Some girls don’t play with dolls.

Some little girls just don’t like dolls, and Mary is one of them. Last night we went to Mcdonalds, and somehow they mixed up which gender specific toy belonged in which happy meal. Mary was thrilled to get an Official Spy Gear Gadget with her chicken nuggets. Ethan, on the other hand, was less thrilled to find a Polly Pocket with his cheeseburger. After realizing that the small scuffle in the back seat wasn’t about to resolve itself, we intervened. Mary was fairly upset when we told her to trade with her brother.

“What am I going to do with a silly old doll?” she protested.

And I wondered for a moment, what have I done?

Mary sporting the crown she made out of K'nex while playing Queen Astra the Alien
Mary sporting the crown she made out of K'nex while playing Queen Astra the Alien

As I’ve said before, I’ve never tried to push my kids into or even away from their stereotypical gender roles. As I see it, they’ll be who they want to be. Society will just have to like them as they are, or hang it in their big collective ear. But still, such a strong distaste for dolls made me worry just a little. I’m not sure about what, really. But it didn’t seem quite natural.

I shouldn’t have thought twice of it. Just now, Mary walked up to me and handed me a couple paper airplanes, the same ones she’d given me yesterday, come to think of it, and asked, “Do you remember these airplanes?” Of course I did!

“Weeellll…. the baby airplane doesn’t have anyone to play with. He’s so lonely. What do you think I should do?”

Before I could come up with a solution she liked (“let him play with the kitten?” didn’t go over so well), she pulled her hand from behind her back to reveal yet another tiny paper airplane.

“His mommy has to work, but now he doesn’t have to be lonely because I made a little sister for him to play with!” And soon the two baby airplanes were playing tag back and forth across the room, happy as doodlebugs, while the mother airplane worked and watched from the couch. Just like me.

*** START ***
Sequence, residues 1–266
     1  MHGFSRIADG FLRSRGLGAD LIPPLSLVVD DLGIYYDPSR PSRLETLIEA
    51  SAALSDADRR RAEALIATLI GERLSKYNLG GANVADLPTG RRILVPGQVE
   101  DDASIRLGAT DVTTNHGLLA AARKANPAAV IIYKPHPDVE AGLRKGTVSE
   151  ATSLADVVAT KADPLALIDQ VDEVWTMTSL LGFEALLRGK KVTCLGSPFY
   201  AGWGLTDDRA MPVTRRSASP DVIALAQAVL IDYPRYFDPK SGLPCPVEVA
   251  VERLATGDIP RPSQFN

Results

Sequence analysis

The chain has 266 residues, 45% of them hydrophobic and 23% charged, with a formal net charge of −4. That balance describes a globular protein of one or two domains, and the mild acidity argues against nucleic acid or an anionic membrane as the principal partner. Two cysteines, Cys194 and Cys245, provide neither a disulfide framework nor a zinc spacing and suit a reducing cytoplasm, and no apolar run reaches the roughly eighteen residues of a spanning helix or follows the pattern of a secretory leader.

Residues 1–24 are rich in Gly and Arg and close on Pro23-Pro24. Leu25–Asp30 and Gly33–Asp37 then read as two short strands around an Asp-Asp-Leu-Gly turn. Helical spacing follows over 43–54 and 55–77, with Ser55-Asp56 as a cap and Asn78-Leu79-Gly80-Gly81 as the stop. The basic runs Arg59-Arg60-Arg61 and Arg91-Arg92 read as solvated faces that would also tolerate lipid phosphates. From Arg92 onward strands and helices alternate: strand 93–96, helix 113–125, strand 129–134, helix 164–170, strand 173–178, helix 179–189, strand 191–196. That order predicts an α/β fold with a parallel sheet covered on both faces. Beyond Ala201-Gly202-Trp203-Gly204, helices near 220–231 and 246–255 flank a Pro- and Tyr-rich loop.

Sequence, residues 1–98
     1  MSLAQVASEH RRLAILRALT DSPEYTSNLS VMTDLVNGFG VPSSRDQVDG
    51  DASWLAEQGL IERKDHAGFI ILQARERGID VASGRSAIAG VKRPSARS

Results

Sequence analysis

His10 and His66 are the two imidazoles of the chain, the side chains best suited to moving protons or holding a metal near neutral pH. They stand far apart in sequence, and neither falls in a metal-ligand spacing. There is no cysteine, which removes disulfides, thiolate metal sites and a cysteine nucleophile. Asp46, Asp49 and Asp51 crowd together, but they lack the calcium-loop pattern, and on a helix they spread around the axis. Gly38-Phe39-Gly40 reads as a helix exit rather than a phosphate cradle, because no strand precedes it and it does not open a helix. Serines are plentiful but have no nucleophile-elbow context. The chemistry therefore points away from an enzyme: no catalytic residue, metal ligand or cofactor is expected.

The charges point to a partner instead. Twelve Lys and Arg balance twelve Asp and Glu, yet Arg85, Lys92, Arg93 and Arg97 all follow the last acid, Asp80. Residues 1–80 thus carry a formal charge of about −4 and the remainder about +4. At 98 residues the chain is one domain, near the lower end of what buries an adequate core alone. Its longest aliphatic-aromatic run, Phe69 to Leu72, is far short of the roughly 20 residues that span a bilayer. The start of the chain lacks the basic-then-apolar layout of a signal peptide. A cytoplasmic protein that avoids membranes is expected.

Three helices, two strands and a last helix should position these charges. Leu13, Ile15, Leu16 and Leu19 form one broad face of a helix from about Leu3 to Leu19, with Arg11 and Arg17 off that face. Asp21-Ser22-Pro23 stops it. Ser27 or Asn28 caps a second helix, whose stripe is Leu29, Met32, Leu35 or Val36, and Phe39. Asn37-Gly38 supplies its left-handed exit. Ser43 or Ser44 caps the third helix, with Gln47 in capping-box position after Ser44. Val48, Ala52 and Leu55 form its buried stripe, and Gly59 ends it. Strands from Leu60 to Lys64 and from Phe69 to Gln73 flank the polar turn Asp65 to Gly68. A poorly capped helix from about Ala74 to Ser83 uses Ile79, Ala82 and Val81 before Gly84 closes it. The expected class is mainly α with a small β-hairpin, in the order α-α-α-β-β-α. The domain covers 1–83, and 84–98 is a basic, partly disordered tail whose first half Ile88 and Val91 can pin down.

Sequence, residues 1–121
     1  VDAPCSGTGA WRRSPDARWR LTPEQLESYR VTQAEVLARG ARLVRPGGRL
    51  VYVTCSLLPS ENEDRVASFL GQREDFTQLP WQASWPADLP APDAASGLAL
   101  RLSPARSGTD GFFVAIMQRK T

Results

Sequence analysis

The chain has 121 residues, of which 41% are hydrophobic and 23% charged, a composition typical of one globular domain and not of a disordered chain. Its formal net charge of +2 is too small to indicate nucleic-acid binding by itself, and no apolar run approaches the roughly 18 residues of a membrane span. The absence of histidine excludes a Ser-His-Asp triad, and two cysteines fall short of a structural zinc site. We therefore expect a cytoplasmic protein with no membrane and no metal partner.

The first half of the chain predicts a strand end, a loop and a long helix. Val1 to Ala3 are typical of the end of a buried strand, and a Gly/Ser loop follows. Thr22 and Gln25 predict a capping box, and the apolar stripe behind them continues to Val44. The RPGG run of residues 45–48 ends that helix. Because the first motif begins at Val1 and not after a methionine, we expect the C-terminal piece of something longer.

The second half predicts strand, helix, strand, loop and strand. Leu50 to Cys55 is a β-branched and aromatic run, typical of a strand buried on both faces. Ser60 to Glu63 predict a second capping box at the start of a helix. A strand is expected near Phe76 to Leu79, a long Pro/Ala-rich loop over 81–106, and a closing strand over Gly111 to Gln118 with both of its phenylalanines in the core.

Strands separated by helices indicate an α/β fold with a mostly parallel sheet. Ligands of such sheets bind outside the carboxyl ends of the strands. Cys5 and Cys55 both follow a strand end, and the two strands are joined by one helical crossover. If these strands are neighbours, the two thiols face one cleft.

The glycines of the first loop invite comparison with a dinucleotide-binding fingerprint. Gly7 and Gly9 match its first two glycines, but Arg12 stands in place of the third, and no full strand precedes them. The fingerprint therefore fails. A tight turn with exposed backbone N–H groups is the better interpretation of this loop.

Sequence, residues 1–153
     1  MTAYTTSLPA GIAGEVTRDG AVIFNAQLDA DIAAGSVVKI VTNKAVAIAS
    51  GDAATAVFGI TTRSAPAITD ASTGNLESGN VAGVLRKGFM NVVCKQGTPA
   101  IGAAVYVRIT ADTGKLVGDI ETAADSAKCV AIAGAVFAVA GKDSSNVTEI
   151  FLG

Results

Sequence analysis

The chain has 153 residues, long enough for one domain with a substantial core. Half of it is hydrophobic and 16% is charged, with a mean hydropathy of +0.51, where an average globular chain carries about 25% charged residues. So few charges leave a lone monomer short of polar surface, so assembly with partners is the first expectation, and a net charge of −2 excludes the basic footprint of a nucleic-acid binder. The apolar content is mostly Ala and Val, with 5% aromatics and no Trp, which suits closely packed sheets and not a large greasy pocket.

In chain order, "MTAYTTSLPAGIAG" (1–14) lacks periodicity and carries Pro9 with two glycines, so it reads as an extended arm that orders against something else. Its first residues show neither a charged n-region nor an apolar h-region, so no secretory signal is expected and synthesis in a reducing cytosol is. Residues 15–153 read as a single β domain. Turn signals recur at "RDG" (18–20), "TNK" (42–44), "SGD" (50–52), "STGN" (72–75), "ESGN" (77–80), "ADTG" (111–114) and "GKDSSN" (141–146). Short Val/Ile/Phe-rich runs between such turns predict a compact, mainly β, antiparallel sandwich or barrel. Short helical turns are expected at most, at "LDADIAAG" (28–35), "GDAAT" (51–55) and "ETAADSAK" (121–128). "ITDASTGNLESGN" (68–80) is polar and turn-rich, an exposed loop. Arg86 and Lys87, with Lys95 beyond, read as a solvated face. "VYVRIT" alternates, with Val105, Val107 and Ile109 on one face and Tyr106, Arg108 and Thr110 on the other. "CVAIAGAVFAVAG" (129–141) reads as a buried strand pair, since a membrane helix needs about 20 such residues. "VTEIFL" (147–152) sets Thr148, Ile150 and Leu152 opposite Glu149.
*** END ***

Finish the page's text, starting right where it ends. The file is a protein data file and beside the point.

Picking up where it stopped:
4 thoughts on “Some girls don’t play with dolls.

  1. Maybe an strong distaste for dolls is a good thing. Because there’s a far-too-large percentage of our society that has little or no room for variance in gender roles. And were I to listen to those people, I’d conclude that:

    Boys grow up to be engineers or doctors — and enjoy power tools and blowing things up. Girls grow up to be nurses or school teachers (but only until their first pregnancy) — and love shoe shopping and diamonds.

    And raising an entire gender to be fascinated by sparkly things? That’s gotta be unnatural. I’m just saying.

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  2. Yeah, I think it just hit me like that because I’d been reading some (old) book that mentioned how dolls are therapeutic and allow a child to act out situations they’re struggling with until they reach resolution, and how they help a child teach themselves how to relate.

    But if dolls are supposed to help little girls know how to behave, I can’t say the lovely role models of Bratz and Barbie excite me all that much anyway.

    The thing I worried about was whether it was one thing to not PUSH your child to play with dolls (something I’d never do) but another thing all together to never buy dolls for a daughter. And I really never have, because she’s never acted like she wants them.

    But she definitely does invent her own… I just hadn’t realized it. When she’s not building families of paper airplanes, she’s making friends out of her K’nex. What can I do but let her keep going as she does? And I do think she’s doing fine. I’ll post a picture of Mary playing "Queen Astra" of some planet I can’t remember. She wore a very interesting crown…

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  3. Yeah, I think it just hit me like that because I’d been reading some (old) book that mentioned how dolls are therapeutic and allow a child to act out situations they’re struggling with until they reach resolution, and how they help a child teach themselves how to relate.

    But if dolls are supposed to help little girls know how to behave, I can’t say the lovely role models of Bratz and Barbie excite me all that much anyway.

    The thing I worried about was whether it was one thing to not PUSH your child to play with dolls (something I’d never do) but another thing all together to never buy dolls for a daughter. And I really never have, because she’s never acted like she wants them.

    But she definitely does invent her own… I just hadn’t realized it. When she’s not building families of paper airplanes, she’s making friends out of her K’nex. What can I do but let her keep going as she does? And I do think she’s doing fine. I’ll post a picture of Mary playing "Queen Astra" of some planet I can’t remember. She wore a very interesting crown…

    Like

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